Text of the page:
The Norfolk Wherry Trust purchased 80mm quarter sawn oak from us in order to make replacement winch posts for the Wherry Albion. The above image shows the refurbished metalwork with the new winch posts (although the majority of the posts are below the deck level).The image also shows the main winch barrel used for raising the sail and, underneath, the pattern bar that provides a low gearing to allow the sail to be adjusted under load. In order to lower the mast to pass under the bridges on the Norfolk Broads, the winch barrel swings to the side to let the mast come between the posts.
Originally built as a cargo carrying sailing barge The Albion, a Norfolk Wherry was rescued by The Norfolk Wherry Trust in 1949. Maintained in sailing condition by volunteers, her vast black sail and hull measure some 60’ long by 15’ wide. Constructed mainly of oak she plied her trade along the River Waveney. Known as the ‘black sailed trader’ she is one of only two remaining trading barges built specifically for the Broads.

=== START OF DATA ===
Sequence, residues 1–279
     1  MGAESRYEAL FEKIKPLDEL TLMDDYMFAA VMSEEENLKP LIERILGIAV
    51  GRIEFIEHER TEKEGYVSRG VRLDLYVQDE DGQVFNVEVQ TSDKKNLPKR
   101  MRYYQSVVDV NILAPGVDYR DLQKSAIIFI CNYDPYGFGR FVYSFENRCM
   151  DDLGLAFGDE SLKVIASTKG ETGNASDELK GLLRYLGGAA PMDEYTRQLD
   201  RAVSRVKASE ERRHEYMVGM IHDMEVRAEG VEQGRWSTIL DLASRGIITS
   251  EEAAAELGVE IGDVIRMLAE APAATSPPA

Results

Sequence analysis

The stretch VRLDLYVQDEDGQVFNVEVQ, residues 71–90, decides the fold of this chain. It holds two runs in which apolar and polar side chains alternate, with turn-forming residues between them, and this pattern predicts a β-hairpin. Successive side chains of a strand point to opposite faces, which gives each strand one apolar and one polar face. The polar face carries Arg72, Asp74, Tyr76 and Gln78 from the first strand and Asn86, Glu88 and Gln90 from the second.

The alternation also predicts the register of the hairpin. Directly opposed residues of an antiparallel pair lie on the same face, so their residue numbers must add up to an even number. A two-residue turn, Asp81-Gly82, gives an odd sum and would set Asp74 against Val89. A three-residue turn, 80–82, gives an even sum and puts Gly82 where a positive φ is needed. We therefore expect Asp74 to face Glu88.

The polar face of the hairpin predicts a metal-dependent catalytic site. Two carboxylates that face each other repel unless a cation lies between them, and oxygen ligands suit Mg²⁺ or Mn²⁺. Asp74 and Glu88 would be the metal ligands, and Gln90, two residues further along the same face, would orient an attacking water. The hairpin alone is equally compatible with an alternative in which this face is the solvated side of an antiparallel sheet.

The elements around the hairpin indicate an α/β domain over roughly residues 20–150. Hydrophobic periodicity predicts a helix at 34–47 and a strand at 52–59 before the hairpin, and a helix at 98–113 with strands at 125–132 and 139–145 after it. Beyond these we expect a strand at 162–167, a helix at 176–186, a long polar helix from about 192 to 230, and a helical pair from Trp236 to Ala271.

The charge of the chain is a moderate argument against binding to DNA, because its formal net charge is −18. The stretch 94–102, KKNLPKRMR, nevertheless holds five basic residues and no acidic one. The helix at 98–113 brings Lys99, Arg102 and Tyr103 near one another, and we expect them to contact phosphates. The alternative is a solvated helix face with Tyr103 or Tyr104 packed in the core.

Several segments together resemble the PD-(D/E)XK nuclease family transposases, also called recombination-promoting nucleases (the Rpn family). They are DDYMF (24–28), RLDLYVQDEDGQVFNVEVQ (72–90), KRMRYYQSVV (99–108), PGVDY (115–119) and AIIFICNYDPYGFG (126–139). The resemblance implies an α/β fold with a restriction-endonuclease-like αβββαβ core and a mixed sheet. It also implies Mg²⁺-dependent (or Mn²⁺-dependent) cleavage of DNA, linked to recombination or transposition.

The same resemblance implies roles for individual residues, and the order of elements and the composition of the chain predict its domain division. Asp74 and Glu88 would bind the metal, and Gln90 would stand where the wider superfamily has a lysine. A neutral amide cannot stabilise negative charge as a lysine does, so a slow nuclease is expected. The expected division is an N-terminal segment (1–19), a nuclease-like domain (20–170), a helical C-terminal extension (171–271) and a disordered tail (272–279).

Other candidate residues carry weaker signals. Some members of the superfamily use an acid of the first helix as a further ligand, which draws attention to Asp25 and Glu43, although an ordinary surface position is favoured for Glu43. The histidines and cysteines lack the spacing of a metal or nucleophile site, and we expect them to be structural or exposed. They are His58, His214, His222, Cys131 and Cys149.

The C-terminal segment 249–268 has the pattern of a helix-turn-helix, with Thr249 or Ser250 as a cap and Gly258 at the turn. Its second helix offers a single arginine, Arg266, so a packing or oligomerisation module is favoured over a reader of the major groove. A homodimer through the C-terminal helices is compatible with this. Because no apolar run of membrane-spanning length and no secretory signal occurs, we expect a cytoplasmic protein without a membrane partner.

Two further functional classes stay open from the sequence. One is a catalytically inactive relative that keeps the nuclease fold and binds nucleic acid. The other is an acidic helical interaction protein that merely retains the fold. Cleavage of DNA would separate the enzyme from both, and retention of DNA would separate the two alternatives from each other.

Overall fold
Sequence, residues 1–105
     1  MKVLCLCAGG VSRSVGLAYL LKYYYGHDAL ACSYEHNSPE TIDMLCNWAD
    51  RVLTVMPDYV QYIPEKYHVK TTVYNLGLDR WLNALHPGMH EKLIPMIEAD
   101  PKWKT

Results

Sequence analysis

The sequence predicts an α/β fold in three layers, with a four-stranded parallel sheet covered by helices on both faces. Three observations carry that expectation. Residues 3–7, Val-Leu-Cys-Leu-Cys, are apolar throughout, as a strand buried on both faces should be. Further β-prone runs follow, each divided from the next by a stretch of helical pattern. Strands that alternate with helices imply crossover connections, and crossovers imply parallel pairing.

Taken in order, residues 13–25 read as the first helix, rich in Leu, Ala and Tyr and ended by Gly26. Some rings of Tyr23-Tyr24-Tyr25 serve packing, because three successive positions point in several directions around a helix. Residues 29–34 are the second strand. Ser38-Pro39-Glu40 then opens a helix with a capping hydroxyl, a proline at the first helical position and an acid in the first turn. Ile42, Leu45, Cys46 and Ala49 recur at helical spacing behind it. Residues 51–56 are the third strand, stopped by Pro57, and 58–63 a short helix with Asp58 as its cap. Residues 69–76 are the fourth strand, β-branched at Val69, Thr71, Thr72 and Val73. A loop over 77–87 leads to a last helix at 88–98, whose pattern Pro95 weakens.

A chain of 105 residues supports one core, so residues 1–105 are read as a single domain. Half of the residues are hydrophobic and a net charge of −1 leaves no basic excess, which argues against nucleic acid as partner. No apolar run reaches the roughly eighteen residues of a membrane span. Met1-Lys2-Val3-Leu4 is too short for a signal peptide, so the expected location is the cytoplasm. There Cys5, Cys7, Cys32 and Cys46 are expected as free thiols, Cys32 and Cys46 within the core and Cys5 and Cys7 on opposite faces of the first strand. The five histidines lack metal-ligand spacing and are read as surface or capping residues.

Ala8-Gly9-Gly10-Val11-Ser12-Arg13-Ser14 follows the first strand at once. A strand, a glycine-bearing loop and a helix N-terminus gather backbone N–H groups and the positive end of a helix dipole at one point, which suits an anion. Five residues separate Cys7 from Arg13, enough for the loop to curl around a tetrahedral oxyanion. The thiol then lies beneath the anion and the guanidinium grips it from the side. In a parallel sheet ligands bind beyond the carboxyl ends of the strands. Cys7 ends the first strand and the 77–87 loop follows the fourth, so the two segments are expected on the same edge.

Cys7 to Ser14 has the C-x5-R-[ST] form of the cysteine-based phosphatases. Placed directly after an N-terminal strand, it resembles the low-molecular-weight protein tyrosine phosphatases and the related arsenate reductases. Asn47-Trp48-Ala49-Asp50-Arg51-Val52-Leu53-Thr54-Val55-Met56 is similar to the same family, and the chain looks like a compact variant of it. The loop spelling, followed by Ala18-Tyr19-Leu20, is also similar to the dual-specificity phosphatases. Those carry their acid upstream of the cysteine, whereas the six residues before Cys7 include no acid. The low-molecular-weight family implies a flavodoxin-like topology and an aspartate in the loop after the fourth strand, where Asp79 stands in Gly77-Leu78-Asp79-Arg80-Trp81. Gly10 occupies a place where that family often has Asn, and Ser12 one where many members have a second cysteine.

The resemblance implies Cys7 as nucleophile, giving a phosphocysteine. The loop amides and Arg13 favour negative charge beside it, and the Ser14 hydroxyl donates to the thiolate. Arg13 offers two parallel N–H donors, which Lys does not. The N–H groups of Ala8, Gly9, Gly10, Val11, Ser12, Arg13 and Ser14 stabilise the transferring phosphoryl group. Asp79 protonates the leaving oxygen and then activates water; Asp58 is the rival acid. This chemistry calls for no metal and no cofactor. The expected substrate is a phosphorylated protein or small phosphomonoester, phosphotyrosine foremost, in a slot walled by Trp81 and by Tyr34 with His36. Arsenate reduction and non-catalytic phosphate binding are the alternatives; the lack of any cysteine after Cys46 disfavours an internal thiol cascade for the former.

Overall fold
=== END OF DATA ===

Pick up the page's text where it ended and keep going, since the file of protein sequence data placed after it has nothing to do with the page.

Launched in October 1988 at a cost of £455.00 she was commissioned for the firm of Bungay Malsters specifically to navigate the inland waterways of Norfolk and Suffolk. She provided the means to transport all manner of goods from village to village and port to port.
The original white the sails were prone to rotting due to UV exposure, so it was decided to coat them with herring oil which effectively made them red. However, rodents liked the flavour and tended to eat the sails! Latterly they were coated with pitch making the sail black. Hence the term black sailed traders.
Albion is available for charter during summer months. A qualified, experienced skipper and mate sail the boat but the trust are keen for people to participate as assistants to the crew. Sailing the Norfolk Broads on Albion is a very enjoyable experience and is highly recommended. In fact BBC Countryfile Magazine named Albion as one of the Top 10 Boat Trips in the UK.